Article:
Success built on work and luck

22:07, Jun 02 2013
Southland Times photo
Queenstown businessman John Davies.

A Queenstown man who started his working life as a farmer and truck driver has been awarded one of New Zealand's highest honours.

From today former Queenstown mayor John Davies will add Sir to his title.

He was named a Knight Companion of The New Zealand Order of Merit in the Queen's Birthday honours for services to business and tourism.

While news of the knighthood came as a surprise, Sir John said there was a feeling of pride and gratitude at having his work recognised.

"It's a wonderful honour. I am very grateful to receive it," he said.

Hard work, a touch of luck and being in the right place at the right time was the key to many of his successful business enterprises, which included Trojan Holdings and Cromwell Transport and shares in Southfuels and Northfuels.


He owns the Milford, Routeburn and Greenstone Tracks Guided Walks and during his 10 years of ownership tourist numbers on the walks increased from 3000 to about 10,000.

As well as being a former chairman of the Queenstown Airport he has invested in and developed the Hermitage Hotel and the Remarkables, Coronet Peak and Mt Hutt ski fields.

Sir John arrived in the Wakatipu area in the early 60s and worked at mustering before buying into his first business, Wakatipu Transport, which was now known as Northern Southland Transport.

"When you start out as a young person there are challenges," he said. "However, once you have more experience your confidence and ability to make strategic business decisions grows."

It was during his time as mayor in the 80s that Sir John began to diversify his businesses into tourism after noticing the potential of Queenstown in the industry in both summer and winter seasons.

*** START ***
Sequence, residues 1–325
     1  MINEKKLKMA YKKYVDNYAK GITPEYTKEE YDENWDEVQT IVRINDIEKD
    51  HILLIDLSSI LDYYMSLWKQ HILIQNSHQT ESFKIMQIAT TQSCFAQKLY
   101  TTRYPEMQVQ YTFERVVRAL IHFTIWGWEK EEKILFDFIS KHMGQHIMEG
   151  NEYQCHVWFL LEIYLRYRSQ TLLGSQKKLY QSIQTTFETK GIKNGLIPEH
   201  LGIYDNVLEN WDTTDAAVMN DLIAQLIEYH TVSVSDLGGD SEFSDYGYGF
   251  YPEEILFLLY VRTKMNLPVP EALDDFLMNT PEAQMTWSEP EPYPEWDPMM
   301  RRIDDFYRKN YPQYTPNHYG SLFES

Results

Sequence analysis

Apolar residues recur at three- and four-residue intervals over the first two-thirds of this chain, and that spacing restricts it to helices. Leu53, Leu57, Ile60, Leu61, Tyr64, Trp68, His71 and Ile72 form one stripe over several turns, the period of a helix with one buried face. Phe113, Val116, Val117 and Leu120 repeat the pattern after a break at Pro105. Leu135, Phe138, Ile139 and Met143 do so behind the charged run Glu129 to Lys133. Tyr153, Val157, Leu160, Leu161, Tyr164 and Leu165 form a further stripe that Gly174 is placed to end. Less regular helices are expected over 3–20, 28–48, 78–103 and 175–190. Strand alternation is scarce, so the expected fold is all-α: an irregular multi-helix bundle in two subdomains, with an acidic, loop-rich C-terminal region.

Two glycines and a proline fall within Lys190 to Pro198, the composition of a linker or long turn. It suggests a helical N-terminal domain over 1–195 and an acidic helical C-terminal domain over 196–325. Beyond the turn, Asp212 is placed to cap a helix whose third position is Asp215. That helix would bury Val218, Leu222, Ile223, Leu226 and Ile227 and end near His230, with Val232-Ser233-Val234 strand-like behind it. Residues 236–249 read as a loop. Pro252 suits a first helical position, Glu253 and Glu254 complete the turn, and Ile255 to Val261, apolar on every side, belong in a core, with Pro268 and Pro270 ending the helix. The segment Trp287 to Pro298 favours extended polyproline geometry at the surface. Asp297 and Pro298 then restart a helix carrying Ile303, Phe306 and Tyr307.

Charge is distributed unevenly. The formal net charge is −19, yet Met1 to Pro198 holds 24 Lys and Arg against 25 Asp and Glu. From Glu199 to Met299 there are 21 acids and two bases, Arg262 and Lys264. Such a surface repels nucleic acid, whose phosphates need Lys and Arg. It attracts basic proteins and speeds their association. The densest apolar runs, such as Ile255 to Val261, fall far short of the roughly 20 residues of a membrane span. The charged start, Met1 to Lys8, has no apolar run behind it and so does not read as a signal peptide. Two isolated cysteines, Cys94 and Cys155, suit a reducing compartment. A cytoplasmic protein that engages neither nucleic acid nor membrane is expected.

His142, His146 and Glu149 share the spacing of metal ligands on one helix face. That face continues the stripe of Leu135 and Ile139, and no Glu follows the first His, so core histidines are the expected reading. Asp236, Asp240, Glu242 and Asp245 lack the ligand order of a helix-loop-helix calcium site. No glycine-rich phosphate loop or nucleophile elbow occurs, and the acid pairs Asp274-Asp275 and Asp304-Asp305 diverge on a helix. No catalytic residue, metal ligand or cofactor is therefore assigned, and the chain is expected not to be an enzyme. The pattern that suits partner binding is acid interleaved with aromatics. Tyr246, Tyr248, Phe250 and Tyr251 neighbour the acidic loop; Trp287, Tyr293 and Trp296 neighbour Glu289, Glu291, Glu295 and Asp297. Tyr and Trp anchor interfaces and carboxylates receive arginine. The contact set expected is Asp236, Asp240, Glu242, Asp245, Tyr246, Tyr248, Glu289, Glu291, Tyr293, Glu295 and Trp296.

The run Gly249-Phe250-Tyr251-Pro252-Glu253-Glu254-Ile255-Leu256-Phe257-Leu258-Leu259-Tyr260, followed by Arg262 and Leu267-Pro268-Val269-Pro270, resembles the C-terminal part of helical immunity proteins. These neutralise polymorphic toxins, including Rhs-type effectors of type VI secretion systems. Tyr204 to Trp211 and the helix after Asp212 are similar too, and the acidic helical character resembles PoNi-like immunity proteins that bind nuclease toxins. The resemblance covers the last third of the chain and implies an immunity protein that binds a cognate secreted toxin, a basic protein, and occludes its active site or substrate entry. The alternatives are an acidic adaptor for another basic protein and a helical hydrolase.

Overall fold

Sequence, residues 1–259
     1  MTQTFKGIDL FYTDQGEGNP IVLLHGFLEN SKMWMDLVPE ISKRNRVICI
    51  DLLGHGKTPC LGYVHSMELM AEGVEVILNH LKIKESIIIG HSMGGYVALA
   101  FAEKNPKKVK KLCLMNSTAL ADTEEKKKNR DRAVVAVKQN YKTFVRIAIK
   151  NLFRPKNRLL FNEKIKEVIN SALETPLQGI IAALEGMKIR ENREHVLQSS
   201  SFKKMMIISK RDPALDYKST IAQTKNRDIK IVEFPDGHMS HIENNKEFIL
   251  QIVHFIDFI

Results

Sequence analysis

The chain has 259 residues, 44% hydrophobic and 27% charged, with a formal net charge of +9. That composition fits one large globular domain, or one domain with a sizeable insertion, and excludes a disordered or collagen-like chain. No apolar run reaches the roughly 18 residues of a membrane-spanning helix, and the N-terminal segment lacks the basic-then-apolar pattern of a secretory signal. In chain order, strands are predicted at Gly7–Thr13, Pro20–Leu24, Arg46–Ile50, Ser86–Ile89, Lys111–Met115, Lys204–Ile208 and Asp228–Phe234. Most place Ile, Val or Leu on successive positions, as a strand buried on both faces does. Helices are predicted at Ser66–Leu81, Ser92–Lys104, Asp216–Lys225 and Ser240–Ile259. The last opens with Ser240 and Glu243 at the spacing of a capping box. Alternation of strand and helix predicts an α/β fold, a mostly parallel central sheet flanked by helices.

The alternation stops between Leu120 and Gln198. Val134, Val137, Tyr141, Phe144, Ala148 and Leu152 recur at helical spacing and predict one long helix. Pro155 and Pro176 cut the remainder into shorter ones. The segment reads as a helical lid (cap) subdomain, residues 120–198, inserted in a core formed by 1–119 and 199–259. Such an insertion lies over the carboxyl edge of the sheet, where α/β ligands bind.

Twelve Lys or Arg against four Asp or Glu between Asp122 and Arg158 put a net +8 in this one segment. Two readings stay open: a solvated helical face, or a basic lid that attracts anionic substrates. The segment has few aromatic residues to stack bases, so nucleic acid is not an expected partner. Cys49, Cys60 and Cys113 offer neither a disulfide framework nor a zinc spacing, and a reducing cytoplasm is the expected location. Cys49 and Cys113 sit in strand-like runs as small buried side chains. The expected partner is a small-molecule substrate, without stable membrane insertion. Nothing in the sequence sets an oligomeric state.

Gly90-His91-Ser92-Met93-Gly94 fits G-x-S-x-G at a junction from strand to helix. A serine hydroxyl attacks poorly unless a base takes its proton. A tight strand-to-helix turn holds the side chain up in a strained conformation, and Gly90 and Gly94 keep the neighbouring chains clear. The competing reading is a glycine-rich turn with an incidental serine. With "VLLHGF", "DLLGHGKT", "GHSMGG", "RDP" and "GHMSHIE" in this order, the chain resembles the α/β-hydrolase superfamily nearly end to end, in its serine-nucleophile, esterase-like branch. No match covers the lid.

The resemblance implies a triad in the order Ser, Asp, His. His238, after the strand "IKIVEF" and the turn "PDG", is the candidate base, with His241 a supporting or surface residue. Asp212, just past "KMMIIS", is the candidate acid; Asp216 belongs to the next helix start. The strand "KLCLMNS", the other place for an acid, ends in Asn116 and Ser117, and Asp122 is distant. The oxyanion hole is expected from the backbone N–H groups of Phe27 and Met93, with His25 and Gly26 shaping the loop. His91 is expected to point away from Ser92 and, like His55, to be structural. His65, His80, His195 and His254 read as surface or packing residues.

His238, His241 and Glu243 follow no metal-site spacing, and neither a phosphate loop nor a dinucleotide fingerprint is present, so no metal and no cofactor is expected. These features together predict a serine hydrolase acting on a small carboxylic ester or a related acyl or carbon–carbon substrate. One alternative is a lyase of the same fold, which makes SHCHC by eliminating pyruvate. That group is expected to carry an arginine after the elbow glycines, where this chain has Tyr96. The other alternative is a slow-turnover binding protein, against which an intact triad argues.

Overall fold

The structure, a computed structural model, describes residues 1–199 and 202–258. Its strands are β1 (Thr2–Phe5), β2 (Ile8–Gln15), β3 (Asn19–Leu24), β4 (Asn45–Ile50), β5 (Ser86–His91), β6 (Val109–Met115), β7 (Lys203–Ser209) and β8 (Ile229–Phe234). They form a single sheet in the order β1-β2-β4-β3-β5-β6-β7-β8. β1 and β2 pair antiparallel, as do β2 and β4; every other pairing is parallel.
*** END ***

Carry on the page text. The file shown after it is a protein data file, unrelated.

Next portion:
Since being appointed as a Companion of the Queen's Service Order in 1995, Sir John has continued to make a valuable contribution to business and community interests in Queenstown and his efforts in encouraging visitor numbers and investment during the economic downturn was noted.

Sir John said he would be celebrating receiving the honour with a special dinner tonight and a glass of champagne. He was excited to be able to tell his two children, Michael and Jacqui, about the award and this morning he was going tell his grandchildren to ring his wife Trish and be the first to call her Lady Davies.

Also being recognised in the south are Te Anau man John Steffens who has been made a Member of the New Zealand Order of Merit for services to the fishing industry.

Associate professor David Perez, of Dunedin, was made an officer of the New Zealand Order of Merit for services to oncology.

Queen's Service Medals went to Bluff's Astrid Brocklehurst, Helen McKay, of Tuatapere, and Jane Wilson, of Dunedin, for services to the community, Dunedin's Ronald Cain for services to athletics and John McDermott for services as a reporter, Queenstown's Lynette Parker for services to tourism and children's health and Heather Paterson, of Gore, for services to fashion. 

The Southland Times